This category reviews websites offering provisions for finding a babysitter. Although there is no legal definition, in the UK, babysitting generally means childcare:
What are Au Pairs?
Some of the websites in this category cater solely for au pair searches. Like a babysitter, an au pair does not require formal qualifications and may be expected to carry out babysitting while the parents are out. However there can be quite a lot of difference between a babysitter, professional or otherwise, and an au pair.
The word "au pair" literally means "on a par" or "equal to" which means the au pair becomes an equal within the family, and is not a domestic worker. The concept originated in Europe after World War 2 where young girls went to live in other countries to learn a language and become immersed in another culture as part of their education.
These days boys as well as girls can be au pairs although most au pairs are girls. The au pair is generally offered expenses and pocket money and a room of their own within the family house. In exchange, they are expected to carry out work related to childcare which can include some light domestic work.
What should you, the employer, consider?
It is important to think carefully about the expectations you may have about hiring any childcare worker, be it a babysitter or an au pair. Some of the websites offer example contracts for you to download. It is highly recommended that you carry out as much research as possible before hiring someone, particularly if you are new to the process.
It is important to note that all of these websites (although they may offer some monitoring), do not meet any of the candidates or vet them in any way. If you decide to plump for an agency, they will be much more rigorous in their choice of candidates. By using a website you are saving money but will have to take responsibility for all the ground work yourself.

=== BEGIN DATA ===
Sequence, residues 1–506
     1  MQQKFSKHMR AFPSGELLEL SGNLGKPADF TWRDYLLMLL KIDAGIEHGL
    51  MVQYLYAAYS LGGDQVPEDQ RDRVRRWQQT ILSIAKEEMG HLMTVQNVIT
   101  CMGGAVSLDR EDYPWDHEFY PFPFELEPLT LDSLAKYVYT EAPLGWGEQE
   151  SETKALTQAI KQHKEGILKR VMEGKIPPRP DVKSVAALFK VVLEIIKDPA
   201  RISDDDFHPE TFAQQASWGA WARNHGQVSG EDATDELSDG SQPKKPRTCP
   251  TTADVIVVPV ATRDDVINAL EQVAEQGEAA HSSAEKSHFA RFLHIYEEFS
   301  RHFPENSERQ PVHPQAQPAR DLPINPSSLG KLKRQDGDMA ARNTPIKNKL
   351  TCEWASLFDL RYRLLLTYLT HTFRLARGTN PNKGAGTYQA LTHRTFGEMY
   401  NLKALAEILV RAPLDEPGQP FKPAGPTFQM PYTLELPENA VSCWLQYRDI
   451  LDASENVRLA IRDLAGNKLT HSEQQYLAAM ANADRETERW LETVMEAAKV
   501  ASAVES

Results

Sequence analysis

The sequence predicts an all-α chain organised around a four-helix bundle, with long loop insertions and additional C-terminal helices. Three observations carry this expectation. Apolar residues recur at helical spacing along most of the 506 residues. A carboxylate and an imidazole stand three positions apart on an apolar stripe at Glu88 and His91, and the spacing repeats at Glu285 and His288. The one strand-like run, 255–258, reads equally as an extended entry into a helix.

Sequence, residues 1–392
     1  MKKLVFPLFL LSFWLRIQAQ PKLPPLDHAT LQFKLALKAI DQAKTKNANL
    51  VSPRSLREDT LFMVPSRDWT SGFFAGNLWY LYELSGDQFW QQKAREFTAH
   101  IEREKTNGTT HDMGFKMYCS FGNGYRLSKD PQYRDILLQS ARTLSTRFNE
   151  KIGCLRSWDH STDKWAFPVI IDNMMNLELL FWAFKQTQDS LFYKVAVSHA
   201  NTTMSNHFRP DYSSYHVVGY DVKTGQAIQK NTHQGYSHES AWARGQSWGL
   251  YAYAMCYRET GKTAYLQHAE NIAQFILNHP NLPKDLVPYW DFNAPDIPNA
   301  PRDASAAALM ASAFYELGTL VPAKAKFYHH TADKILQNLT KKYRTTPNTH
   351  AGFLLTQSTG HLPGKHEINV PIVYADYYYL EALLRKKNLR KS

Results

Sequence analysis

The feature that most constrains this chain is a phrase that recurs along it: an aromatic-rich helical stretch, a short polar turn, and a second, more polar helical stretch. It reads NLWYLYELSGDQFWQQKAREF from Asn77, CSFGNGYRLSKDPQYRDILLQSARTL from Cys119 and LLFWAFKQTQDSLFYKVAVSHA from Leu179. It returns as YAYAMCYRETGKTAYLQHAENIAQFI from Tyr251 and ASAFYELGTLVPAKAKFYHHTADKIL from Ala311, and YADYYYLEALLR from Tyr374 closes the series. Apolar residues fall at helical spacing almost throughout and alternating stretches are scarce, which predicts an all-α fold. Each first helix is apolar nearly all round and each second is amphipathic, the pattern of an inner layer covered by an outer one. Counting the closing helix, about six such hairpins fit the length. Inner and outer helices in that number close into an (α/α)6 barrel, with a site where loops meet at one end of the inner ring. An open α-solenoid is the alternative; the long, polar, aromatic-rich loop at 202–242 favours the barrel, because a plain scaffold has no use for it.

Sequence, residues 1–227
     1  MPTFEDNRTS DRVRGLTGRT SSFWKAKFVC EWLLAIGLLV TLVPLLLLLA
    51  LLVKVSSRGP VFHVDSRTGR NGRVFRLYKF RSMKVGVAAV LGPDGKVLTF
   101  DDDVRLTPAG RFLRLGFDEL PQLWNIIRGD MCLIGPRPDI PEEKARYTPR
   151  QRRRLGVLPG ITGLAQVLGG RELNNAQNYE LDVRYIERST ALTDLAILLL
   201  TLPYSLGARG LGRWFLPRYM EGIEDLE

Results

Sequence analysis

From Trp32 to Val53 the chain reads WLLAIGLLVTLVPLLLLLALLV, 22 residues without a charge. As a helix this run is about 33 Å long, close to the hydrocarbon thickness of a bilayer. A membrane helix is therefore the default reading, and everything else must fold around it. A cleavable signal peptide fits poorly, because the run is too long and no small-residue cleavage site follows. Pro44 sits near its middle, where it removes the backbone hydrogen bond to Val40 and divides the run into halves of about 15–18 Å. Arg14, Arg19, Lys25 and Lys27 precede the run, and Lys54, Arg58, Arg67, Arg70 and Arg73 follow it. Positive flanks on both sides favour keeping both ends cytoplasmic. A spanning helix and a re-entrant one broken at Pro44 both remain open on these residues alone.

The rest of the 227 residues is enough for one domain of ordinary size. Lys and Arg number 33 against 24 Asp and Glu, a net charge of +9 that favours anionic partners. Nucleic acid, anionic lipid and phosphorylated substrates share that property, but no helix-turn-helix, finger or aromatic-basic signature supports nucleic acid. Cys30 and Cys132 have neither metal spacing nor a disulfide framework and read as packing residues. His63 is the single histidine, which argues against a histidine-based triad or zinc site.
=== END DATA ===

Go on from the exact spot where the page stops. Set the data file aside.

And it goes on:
Some of the websites offer excellent advice, but the best ports of call are always: (i) your local council's Children's Information Service, (ii) the government website about becoming an employer and (iii) Ofsted for information about regulations on childcare.
Safety and Security
This is an issue at the forefront of the mind of any parent when looking for childcare. Using the internet brings added risks so it is wise to be extra vigilant. The reviews here will give you an idea of what the websites have to offer, but it is always wise to keep informed of other people's experiences when using them. The most common abuse of profile matching sites is the financial scam. Never under any circumstances send money before you meet the candidate and always run identity checks and, if possible, CRB checks. Do not be shy about doing this as any candidate should expect a CRB check. If they appear to object then they are either not genuine, hiding something, or simply acting unprofessionally.
Of course this goes for the other side as well, for au pairs, babysitters and nannies looking for jobs. Great care must be taken in making sure family profiles are genuine and, if possible, go through a website that monitors its clients' activities and at least undergoes some checks. Never go to anyone's address without having met them first in a public place, preferably with someone you know to accompany you.
Website Formats and Features
Now that the serious matters are dealt with, let's look at the website features. There are three main formats of the websites in this category: agencies, advert listings and online matching services. In a nutshell, here is how the differ:
The Bottom Line
You will find babysitting websites which cater for a variety of needs and budgets. We hope that our buying guide, expert reviews and user reviews are useful in your search for a babysitting website that's right for you.